Burger King Seeks Loyal Subjects

Campaign by TMP Worldwide Aims to Lure Job Seekers, not Hungry Masses

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A correction has been made in this story. See below for details.

CHICAGO (AdAge.com) -- "Try it, you just might like it," is Burger King's latest pitch, but it's not for a sandwich. It's for prospective employees.

The fast-feeder is using tray liners and window clings in Burger King stores around the country to pitch a job at the chain. It is also posting video to online job sites featuring people it currently employs.

Career pitch comes later
Jose Tomas, Burger King's VP-human resources for the Americas, said the company found its ideal candidate wasn't necessarily looking for a career the first time they walked in for a job. "It wasn't really important for them to see themselves in a particular role 20 years from now," he said. "Once we have them working for us, we sell them on the value proposition of a long-term career."

Mr. Tomas said that although the economy is tight, his company has yet to see an increase in applications, although he hopes to. Burger King is also looking for more employees to fill in during expanded hours as the chain adds late-night shifts at some stores and others go 24 hour. Since many competitors are doing the same thing, Mr. Tomas said Burger King is competing for a shrinking pool of workers.

According to the Bureau of Labor Statistics, the number of Americans ages 16 and over working for minimum wage was up slightly last year, to 1.72 million, from 1.69 million in 2006.

Taking a closer look
To increase the number of applicants, Mr. Tomas said, it was even more critical to raise traffic to its stores. "We discovered that individuals who applied in our restaurant are looking for employment along their travel path from home to school or around their neighborhood," he said. "It's so important to draw them in. A large number of folks will allow you to be more selective about who you're hiring."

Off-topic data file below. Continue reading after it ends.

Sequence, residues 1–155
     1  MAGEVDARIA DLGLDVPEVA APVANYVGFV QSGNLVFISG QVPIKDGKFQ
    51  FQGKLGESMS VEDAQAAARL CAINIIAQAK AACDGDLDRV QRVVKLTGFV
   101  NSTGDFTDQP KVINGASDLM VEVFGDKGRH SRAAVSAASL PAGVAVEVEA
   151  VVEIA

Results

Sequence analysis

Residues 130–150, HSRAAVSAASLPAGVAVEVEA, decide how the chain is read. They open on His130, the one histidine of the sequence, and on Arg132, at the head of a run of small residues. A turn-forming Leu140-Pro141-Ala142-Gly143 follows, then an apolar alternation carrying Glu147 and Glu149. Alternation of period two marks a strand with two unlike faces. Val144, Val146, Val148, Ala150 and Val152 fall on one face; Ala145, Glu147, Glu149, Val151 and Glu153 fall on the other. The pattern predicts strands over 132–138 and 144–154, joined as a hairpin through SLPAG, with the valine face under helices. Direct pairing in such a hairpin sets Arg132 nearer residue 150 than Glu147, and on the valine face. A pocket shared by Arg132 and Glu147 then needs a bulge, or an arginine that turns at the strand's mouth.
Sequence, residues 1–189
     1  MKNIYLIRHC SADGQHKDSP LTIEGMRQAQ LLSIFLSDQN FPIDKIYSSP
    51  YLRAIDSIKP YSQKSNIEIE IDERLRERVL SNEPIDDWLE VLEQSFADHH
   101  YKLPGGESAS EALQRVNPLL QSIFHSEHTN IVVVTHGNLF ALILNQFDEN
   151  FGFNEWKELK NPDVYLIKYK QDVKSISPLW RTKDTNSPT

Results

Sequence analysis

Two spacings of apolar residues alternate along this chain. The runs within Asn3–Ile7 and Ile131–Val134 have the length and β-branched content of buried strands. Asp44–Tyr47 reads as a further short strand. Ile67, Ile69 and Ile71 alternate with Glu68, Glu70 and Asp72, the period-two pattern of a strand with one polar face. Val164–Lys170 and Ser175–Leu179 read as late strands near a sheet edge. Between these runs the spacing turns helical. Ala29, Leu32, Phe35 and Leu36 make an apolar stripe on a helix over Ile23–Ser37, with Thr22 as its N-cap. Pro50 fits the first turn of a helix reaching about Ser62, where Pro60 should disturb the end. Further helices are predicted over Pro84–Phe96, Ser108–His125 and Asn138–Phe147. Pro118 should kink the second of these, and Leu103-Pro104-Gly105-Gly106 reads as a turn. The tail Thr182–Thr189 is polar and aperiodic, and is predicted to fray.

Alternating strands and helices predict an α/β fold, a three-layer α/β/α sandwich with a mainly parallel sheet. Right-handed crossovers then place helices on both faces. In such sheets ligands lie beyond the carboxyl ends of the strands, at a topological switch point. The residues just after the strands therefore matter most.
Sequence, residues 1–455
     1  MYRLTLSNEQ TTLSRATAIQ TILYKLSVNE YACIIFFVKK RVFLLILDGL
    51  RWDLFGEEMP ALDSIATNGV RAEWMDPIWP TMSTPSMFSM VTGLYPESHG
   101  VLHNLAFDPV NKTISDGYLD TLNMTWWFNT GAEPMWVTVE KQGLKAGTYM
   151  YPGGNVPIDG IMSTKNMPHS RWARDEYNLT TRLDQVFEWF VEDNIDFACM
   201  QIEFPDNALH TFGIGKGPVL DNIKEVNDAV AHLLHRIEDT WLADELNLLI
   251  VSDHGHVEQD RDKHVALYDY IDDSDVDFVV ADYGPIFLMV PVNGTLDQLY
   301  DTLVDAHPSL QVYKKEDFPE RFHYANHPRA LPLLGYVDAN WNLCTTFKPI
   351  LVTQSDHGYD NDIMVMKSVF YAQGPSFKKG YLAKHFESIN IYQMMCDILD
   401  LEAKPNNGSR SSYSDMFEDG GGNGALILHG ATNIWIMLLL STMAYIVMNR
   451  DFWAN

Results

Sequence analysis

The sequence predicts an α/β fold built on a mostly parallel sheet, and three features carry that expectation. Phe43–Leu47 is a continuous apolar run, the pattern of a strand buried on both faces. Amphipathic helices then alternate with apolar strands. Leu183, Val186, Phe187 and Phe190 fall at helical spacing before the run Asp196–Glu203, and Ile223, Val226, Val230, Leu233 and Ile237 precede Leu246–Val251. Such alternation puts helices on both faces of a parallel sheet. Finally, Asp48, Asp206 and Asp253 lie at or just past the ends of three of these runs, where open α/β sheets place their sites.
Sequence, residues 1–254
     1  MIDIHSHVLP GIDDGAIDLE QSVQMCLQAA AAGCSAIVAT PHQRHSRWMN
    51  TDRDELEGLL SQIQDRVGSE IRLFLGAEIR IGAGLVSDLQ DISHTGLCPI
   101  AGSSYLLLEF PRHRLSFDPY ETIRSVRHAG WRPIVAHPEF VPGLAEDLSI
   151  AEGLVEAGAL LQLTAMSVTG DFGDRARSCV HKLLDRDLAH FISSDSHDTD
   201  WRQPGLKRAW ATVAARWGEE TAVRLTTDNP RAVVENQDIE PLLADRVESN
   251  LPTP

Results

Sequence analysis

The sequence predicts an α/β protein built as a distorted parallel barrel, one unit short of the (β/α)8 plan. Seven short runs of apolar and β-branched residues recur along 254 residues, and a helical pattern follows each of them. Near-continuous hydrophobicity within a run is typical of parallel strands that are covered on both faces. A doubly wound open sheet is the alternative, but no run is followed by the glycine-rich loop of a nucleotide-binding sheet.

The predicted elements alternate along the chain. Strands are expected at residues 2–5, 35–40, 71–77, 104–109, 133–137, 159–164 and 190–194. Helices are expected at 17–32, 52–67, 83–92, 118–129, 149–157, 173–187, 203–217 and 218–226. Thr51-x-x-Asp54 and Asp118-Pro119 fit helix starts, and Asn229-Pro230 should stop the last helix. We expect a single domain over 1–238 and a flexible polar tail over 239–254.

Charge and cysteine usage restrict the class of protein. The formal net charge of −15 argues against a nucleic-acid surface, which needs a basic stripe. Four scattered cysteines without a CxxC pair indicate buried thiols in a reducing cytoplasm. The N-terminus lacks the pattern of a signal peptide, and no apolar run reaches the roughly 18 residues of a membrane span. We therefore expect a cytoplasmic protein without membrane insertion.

The company also looked for more ways to increase the pool of potential workers. Together with agency TMP Worldwide Advertising & Communications, Burger King decided to target retirees, in addition to the usual 18- to 24-year-olds. They are also being targeted in videos TMP posted to online job boards.

Burger King's effort comes a year after McDonald's "It's not a McJob" campaign worked to beat back the impression that working for the Golden Arches was a dead-end job. A number of the company's franchisees and executives -- including CEO Jim Skinner -- got started behind the counter. (TMP regional VP Lesley DeCanio said her agency was not inspired by the McDonald's ads.)

Retention improves
McDonald's spokesman Bill Whitman said his company's efforts to highlight career opportunities have been ongoing for the past five years, and they have resulted in higher retention rates. He declined to say if applications have increased as a result of the McJob effort.

The McDonald's videos focus on company executives who got their start working at one of the company's restaurants. One of the Burger King ads by TMP profiles a senior at Purdue University who works as an assistant manager at a Lafayette, Ind., restaurant.

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CORRECTION: An earlier version of this story incorrectly stated that Burger King was using TV advertising for the campaign.
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